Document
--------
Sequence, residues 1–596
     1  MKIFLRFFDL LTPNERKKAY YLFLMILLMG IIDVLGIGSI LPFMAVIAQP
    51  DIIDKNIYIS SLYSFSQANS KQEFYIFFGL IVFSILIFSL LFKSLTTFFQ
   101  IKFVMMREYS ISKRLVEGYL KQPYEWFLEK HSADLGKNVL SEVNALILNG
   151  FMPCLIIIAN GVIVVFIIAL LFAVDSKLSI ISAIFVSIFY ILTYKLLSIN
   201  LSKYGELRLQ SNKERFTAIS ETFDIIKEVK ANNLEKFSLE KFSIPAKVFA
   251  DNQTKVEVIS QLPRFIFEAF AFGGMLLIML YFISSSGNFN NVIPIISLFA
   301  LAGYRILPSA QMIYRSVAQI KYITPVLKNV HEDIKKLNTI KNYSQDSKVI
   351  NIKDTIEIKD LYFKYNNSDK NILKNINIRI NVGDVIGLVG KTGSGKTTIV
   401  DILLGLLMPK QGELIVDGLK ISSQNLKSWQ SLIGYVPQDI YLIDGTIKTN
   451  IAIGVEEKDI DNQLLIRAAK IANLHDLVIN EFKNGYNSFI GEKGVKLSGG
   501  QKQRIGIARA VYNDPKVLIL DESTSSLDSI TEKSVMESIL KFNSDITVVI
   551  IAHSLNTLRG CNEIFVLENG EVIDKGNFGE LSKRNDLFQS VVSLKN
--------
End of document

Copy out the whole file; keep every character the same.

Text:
Sequence, residues 1–596
     1  MKIFLRFFDL LTPNERKKAY YLFLMILLMG IIDVLGIGSI LPFMAVIAQP
    51  DIIDKNIYIS SLYSFSQANS KQEFYIFFGL IVFSILIFSL LFKSLTTFFQ
   101  IKFVMMREYS ISKRLVEGYL KQPYEWFLEK HSADLGKNVL SEVNALILNG
   151  FMPCLIIIAN GVIVVFIIAL LFAVDSKLSI ISAIFVSIFY ILTYKLLSIN
   201  LSKYGELRLQ SNKERFTAIS ETFDIIKEVK ANNLEKFSLE KFSIPAKVFA
   251  DNQTKVEVIS QLPRFIFEAF AFGGMLLIML YFISSSGNFN NVIPIISLFA
   301  LAGYRILPSA QMIYRSVAQI KYITPVLKNV HEDIKKLNTI KNYSQDSKVI
   351  NIKDTIEIKD LYFKYNNSDK NILKNINIRI NVGDVIGLVG KTGSGKTTIV
   401  DILLGLLMPK QGELIVDGLK ISSQNLKSWQ SLIGYVPQDI YLIDGTIKTN
   451  IAIGVEEKDI DNQLLIRAAK IANLHDLVIN EFKNGYNSFI GEKGVKLSGG
   501  QKQRIGIARA VYNDPKVLIL DESTSSLDSI TEKSVMESIL KFNSDITVVI
   551  IAHSLNTLRG CNEIFVLENG EVIDKGNFGE LSKRNDLFQS VVSLKN